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Lib Dems unveil new integrated transport hub for Station Road West

June 28, 2018 12:01 AM

The Canterbury Liberal Democrat Party today can reveal the draft new design as an alternative to the Conservative's multi-storey car park in Station Road West.

Integrated Transport Hub

Key features

  • Land on the north side of the station, currently disused or used for office space, is converted into parking.
  • The footbridge is extended to cross the siding on the north side of the station to allow pedestrian access. Ticket machines are available beside the north platform in a small new ticket hall.
  • The current ticket hall is extended to remove the bottleneck. Passengers enter and leave the platform through separate routes. The new building is designed sympathetically to its surroundings and architecturally evocative of Canterbury.
  • The area outside the ticket hall will be reserved for bikes and pedestrians. An extended bus stop that doesn't block traffic will take the place of the current taxi rank. Hopper buses will run frequently connecting the station with other locations in Canterbury including Canterbury East Station.
  • A bike hire facility and secure bike storage with CCTV will be relocated into the main area in front of the ticket hall making it more convenient and less prone to bike theft.
  • The passenger drop-off zone will be relocated to the main car park. As the ticket hall has been extended this will still be within a few metres of the building.
  • A larger taxi rank is relocated to the main car park, with the potential for additional taxi waiting in the north car park.
  • Additional trees will be planted all around to create a pleasant environment and help reduce air pollution.

Key benefits

  • This is an environmentally-friendly solution that doesn't favour cars over other forms of transport.
  • It is significantly less expensive than the multi-storey car park.
  • It is a much more aesthetically-pleasing solution compared to the ugly multi-storey design that would create a negative impression of Canterbury.
  • It avoids traffic bottlenecks. Commuters arriving from the north can park on the north side of the tracks without having to wait at the level crossing. When leaving there are several different route options. Commuters arriving from the south can park on the south side also without waiting at the crossing. In contrast the multi-storey car park would force all cars to leave through one exit on Station Road West, creating gridlock.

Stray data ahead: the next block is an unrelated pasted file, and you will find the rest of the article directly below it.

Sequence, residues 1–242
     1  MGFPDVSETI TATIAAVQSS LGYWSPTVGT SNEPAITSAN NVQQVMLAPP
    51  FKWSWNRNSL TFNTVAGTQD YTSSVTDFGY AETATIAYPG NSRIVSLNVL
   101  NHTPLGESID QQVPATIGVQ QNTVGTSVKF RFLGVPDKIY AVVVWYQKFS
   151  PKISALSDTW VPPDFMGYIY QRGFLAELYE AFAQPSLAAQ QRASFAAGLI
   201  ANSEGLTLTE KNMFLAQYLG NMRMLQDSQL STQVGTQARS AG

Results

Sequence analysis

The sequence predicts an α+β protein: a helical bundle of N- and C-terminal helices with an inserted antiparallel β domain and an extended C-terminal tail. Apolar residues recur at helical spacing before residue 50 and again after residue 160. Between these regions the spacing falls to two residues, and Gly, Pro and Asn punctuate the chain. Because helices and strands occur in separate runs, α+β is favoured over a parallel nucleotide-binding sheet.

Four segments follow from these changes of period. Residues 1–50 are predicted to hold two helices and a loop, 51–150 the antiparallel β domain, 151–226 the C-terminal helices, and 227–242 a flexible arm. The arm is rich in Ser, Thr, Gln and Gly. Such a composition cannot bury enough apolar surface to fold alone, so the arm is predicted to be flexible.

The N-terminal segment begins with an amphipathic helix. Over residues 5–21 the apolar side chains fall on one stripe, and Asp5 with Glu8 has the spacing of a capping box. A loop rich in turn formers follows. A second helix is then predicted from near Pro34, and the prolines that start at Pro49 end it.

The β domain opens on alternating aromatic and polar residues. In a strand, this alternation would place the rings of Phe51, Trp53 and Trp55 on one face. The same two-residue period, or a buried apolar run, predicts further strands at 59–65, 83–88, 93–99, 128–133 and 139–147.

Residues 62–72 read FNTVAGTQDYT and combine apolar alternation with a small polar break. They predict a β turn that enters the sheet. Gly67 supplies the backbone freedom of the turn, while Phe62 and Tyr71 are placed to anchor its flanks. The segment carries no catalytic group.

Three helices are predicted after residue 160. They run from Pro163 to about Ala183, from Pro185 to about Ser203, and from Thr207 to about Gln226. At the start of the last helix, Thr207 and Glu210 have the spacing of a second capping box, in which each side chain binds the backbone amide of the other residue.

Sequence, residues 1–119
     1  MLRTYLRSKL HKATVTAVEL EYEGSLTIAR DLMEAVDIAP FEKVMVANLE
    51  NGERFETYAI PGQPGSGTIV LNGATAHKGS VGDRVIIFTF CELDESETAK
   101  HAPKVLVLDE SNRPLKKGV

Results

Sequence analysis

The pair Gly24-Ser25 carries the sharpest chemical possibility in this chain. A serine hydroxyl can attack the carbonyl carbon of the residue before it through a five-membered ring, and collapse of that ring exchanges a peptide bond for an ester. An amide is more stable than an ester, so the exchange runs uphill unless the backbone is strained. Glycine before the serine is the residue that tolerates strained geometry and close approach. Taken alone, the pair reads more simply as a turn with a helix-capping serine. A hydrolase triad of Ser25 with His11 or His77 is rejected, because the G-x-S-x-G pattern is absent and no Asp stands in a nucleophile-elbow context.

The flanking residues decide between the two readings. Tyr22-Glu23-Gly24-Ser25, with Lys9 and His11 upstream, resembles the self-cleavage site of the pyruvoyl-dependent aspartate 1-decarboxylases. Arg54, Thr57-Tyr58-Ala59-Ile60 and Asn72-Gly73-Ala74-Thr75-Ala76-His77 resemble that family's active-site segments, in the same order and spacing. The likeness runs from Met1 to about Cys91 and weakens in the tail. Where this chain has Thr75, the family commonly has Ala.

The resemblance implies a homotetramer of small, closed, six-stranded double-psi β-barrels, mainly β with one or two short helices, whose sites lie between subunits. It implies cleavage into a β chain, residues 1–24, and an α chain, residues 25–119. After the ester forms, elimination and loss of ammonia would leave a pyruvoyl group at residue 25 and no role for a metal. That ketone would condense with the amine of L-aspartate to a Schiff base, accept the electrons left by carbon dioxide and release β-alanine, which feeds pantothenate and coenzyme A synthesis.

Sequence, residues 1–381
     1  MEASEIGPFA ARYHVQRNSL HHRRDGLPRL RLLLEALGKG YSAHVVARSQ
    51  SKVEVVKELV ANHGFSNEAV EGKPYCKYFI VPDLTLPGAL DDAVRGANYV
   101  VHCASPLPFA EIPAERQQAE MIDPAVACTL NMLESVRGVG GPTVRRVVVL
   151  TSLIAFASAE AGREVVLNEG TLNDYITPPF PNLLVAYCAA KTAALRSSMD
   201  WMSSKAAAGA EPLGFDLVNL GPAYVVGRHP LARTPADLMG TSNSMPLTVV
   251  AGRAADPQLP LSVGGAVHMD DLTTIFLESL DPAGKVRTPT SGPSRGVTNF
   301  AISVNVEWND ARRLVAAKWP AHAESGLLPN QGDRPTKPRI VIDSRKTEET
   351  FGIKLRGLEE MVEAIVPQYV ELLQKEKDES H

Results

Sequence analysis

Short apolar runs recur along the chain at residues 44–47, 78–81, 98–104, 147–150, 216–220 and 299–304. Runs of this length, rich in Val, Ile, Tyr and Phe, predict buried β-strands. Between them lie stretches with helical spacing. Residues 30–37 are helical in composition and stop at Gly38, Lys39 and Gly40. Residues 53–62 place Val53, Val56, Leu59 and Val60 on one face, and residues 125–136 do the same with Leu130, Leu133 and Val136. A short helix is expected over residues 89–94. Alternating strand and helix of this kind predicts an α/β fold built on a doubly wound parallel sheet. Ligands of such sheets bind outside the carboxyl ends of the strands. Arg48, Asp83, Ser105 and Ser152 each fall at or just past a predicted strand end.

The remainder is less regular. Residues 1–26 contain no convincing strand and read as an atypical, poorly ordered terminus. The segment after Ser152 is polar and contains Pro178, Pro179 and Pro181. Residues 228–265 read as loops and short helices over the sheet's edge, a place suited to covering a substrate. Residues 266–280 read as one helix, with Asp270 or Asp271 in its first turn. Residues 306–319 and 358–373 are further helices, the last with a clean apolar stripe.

• This solution provides nearly as much parking capacity as the multi-storey with greatly reduced construction costs and environmental damage.

Integrated Transport HubNetwork Rail has recently been instructed by the government to spend £1 billion on railway improvements which will involve them selling off assets they have previously been reluctant to part with such as the land on the north side.

The project would be partially funded by the sale of land, in particular the temporary overflow car park at the north-east end of Station Road West. There would also be income from parking charges. The outlay would be very much less the £9 million budgeted for the multi-storey and the ongoing operating costs would be significantly less.

Canterbury's parking needs over the next 20 years are unpredictable. We don't know what impact self-driving cars will have on parking requirements. It is possible that cars may drive themselves home rather than paying to park next to the station waiting for their owners.

Canterbury council's own projections calculate there is already capacity for the next 15 years. However, if demand decreases, the land could be sold off in parcels and developed into housing. This would not be practical with a multi-storey car park as it would require partial demolition.

The architects of the plan are Lib Dems Alex Lister and Councillor Michael Dixey. Michael said: "the multi-storey car park is one of the worst ideas the council has ever produced.

"It would cause gridlock, make air pollution even worse, and would create a monstrous carbuncle on the face of our beautiful city."

Alex added: "as a commuter myself I can see the infrastructure at Canterbury West is creaking at the seams.

"This is an elegant solution which makes everyone's lives better. It's good for residents, good for commuters, good for car drivers, good for public transport and good for the environment.

"In contrast most locals see multi-storey scheme as quite the opposite - the public consultation last year received 599 responses, only 8% of which fully supported the plans."

The plans will now be submitted for discussion at the council.

Notes to editors

With the planned increase in the frequency of the high-speed train service, the level crossing will be down for more time - increasing congestion in St Dunstan's. The air quality close to the level crossing already breaches the statutory limits for NOX. For the last four years, the average reading has been 44 micrograms/cubic metre, 10% over the limit of 40 micrograms/cubic metre limit.

Network Rail has been told to spend an extra £1 billion to improve punctuality on Britain's railway amid concerns over the number of delayed trains. The rail watchdog said that the government-owned company had to increase investment to replace worn-out tracks, signals and lineside equipment. According to the Office of Rail and Road, the rise should be partly funded by efficiency savings and selling off additional Network Rail property, including railway arches.